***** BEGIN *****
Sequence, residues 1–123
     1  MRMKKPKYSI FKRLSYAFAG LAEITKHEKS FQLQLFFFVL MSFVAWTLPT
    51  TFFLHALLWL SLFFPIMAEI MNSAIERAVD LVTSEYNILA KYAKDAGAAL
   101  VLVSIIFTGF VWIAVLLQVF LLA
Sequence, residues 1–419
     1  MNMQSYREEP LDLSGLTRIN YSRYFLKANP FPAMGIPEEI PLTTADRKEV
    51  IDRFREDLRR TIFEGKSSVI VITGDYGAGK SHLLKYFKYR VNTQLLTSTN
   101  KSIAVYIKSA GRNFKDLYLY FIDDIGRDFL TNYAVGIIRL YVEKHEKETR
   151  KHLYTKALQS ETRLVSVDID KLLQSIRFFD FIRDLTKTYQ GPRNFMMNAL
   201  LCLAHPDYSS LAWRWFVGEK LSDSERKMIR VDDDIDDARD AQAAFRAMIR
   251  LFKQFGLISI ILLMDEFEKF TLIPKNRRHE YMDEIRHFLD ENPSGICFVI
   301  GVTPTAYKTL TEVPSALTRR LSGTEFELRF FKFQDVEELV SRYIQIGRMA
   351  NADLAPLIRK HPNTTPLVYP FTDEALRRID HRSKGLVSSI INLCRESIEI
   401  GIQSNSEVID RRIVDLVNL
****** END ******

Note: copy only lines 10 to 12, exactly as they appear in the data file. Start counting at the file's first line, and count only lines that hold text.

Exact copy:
   201  LCLAHPDYSS LAWRWFVGEK LSDSERKMIR VDDDIDDARD AQAAFRAMIR
   251  LFKQFGLISI ILLMDEFEKF TLIPKNRRHE YMDEIRHFLD ENPSGICFVI
   301  GVTPTAYKTL TEVPSALTRR LSGTEFELRF FKFQDVEELV SRYIQIGRMA